Meditating is supposed to be a quieting of the mind, where you think about nothing in particular (or nothing other than the actions of the meditation) to allow that background noise to filter out and let you rest. That’s why exercise can be meditative: at a certain point you’re only able to think about the exercise.

But along the way, throughout each session of meditation, your thoughts are going to keep zooming in and trying to distract you. This happens all the time in the beginning, but here’s a secret: It happens all the time to the masters, too.

The trick with meditation isn’t to totally eliminate those stray thoughts. It’s to let them pass through your mind without you grabbing hold of them.

In the first stages of learning, you’ll fail a lot of the time. You’ll be meditating for a while and suddenly realize you stopped somewhere along the way to think about your to-do list and what you’re making for dinner that night.

Eventually, that will happen less and less, and you’ll start distracting yourself by getting frustrated that the thoughts intrude at all. You will ultimately be able to let them pass through and over you without taking root, so you can continue your meditation for as long as you wish.

Speaking of “as long as you wish….”

Yes, I read the stories about Gichin Funakoshi (aka The Father of Modern Day Karate) meditating for an entire day while standing under a waterfall, and about retreats where people spend the entire weekend in some kind of a trance. And probably, some of those stories are true.

No, they don’t mean you have to meditate for hours to get anything out of meditation.

The studies I mentioned above had subjects meditate for less than an hour, in most cases less than 15 minutes, and even those sessions resulted in significant improvements to physical, emotional, and psychological health.

Some of the masters I’ve personally spoken with go one further, advising us to start with just one minute of meditation per day. That won’t be enough to reap huge, long-lasting benefits, but it has two advantages:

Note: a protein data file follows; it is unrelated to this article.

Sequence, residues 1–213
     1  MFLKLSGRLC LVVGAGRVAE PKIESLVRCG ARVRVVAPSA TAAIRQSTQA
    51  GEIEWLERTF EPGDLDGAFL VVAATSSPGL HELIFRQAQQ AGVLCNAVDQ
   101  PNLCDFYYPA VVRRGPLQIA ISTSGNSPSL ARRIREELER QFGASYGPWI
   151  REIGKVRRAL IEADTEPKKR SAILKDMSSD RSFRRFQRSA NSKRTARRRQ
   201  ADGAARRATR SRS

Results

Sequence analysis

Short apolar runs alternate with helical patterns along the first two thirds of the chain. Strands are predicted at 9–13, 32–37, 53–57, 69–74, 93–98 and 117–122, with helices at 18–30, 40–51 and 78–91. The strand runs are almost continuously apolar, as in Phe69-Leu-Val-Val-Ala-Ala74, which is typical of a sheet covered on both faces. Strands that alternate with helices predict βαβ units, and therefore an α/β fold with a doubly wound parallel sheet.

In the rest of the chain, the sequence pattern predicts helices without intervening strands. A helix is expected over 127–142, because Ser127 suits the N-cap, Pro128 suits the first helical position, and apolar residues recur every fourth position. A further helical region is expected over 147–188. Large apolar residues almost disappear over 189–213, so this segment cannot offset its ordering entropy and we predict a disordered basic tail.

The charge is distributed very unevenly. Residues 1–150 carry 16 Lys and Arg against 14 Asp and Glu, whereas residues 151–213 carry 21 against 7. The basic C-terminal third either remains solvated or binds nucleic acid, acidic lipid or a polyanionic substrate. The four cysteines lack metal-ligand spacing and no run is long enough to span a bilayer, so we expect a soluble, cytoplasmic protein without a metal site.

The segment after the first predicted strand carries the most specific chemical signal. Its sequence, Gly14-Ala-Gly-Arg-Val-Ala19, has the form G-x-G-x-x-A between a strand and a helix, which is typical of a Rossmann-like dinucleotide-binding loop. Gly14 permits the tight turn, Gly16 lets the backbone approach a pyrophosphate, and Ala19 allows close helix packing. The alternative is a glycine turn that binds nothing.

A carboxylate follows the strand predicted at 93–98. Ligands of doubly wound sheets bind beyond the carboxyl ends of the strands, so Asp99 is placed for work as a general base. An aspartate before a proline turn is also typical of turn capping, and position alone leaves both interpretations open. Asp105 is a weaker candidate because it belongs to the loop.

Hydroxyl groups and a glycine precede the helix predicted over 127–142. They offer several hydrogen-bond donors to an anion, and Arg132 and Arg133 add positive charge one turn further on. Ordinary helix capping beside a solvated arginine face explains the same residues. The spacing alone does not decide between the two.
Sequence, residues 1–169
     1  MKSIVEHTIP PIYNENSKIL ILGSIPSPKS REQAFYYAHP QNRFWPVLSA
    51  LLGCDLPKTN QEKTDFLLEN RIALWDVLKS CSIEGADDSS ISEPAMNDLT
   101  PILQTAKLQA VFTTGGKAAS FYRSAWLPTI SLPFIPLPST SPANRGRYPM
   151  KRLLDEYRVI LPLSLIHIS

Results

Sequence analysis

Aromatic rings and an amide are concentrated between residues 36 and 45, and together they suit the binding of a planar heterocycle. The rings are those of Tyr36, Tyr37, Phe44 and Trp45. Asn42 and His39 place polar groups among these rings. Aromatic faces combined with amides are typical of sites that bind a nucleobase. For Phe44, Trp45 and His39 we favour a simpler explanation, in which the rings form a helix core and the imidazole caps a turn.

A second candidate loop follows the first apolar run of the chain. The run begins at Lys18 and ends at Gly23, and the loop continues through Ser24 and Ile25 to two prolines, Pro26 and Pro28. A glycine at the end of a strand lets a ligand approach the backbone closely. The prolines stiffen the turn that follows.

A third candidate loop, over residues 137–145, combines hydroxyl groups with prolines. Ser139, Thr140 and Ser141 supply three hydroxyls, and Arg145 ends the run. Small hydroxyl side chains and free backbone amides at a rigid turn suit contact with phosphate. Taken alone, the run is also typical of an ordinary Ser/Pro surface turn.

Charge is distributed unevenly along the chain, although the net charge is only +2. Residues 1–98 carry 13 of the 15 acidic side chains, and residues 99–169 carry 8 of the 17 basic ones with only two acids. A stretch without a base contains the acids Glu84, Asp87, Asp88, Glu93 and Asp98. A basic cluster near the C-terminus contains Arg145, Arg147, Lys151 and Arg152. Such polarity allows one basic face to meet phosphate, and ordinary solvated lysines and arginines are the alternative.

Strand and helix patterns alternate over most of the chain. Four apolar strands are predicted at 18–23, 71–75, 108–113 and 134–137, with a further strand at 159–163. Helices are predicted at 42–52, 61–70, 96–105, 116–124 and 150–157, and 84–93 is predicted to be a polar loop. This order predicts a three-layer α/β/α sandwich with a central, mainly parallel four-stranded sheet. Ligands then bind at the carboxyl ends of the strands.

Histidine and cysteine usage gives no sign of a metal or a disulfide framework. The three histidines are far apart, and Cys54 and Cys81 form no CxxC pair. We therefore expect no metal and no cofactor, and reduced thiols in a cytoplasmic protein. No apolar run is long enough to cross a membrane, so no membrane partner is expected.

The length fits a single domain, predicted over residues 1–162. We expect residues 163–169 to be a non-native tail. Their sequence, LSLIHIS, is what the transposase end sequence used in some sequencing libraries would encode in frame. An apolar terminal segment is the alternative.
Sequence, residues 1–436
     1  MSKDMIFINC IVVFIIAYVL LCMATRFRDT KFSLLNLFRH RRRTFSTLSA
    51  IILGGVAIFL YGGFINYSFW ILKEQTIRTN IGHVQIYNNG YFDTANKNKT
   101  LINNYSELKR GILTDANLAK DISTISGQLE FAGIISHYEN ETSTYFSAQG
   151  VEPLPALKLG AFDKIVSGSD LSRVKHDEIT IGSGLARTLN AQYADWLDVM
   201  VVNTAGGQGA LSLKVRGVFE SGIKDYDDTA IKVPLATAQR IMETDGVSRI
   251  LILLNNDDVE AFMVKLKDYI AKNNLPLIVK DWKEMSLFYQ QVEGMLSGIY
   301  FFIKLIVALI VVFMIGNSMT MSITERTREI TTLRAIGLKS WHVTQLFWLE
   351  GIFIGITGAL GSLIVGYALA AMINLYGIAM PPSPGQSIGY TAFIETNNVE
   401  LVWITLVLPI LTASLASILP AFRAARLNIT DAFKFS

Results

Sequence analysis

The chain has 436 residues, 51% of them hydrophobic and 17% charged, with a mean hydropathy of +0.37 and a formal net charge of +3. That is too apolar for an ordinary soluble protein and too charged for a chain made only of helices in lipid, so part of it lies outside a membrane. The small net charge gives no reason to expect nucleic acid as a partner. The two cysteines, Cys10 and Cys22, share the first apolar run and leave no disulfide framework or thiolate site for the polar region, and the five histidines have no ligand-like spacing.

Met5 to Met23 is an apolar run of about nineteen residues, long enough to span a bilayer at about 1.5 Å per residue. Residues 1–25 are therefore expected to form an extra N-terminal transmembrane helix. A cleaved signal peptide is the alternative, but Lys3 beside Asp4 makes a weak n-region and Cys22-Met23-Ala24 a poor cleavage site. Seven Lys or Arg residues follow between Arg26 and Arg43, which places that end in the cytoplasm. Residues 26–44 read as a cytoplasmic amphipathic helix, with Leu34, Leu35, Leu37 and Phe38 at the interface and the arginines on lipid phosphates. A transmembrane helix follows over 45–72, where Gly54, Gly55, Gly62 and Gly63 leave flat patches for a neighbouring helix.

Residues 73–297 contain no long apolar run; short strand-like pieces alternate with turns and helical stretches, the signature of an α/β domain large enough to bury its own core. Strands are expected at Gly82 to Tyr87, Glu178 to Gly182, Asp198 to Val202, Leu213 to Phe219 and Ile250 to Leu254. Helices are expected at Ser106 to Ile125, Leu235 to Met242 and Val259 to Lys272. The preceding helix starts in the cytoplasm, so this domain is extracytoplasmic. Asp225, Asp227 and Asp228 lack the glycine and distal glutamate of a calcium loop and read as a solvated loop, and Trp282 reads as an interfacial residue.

1. You will succeed. Anybody can meditate for a minute, no matter how busy
    or distractible they are.
  2. You’ll be pleasantly surprised how much of a difference it makes for
    the next 10 minutes of your life.

I personally found those two factors combined to be an excellent motivator. Under the powerful motivation of immediate success and feeling the short-term impact of that minute, I committed more fully to learning how to meditate.

Meditation has shed the new age or ‘hippie’ reputation it once had. Anyone can do it. Here’s an incomplete list of groups that actively practice meditation or encourage their people to meditate regularly:

  • professional athletes in the NFL, NHL, and UFC
  • actors including Hugh Jackman, Clint Eastwood, and
    Arnold Schwarzenegger
  • SEAL Team Six and other special forces branches of U.S.
    and worldwide militaries
  • an impossibly long list of CEOs and entrepreneurs like
    Richard Branson and Elon Musk

If Randy Couture and the guy who plays Wolverine meditate, you can do it too. It only takes a minute — literally — and you can start today.

Jason Brick is a freelance writer and journalist who came to that career after over a decade in the health and wellness industry. When not writing, he cooks, practices martial arts, and spoils his wife and two fine sons. He lives in Oregon.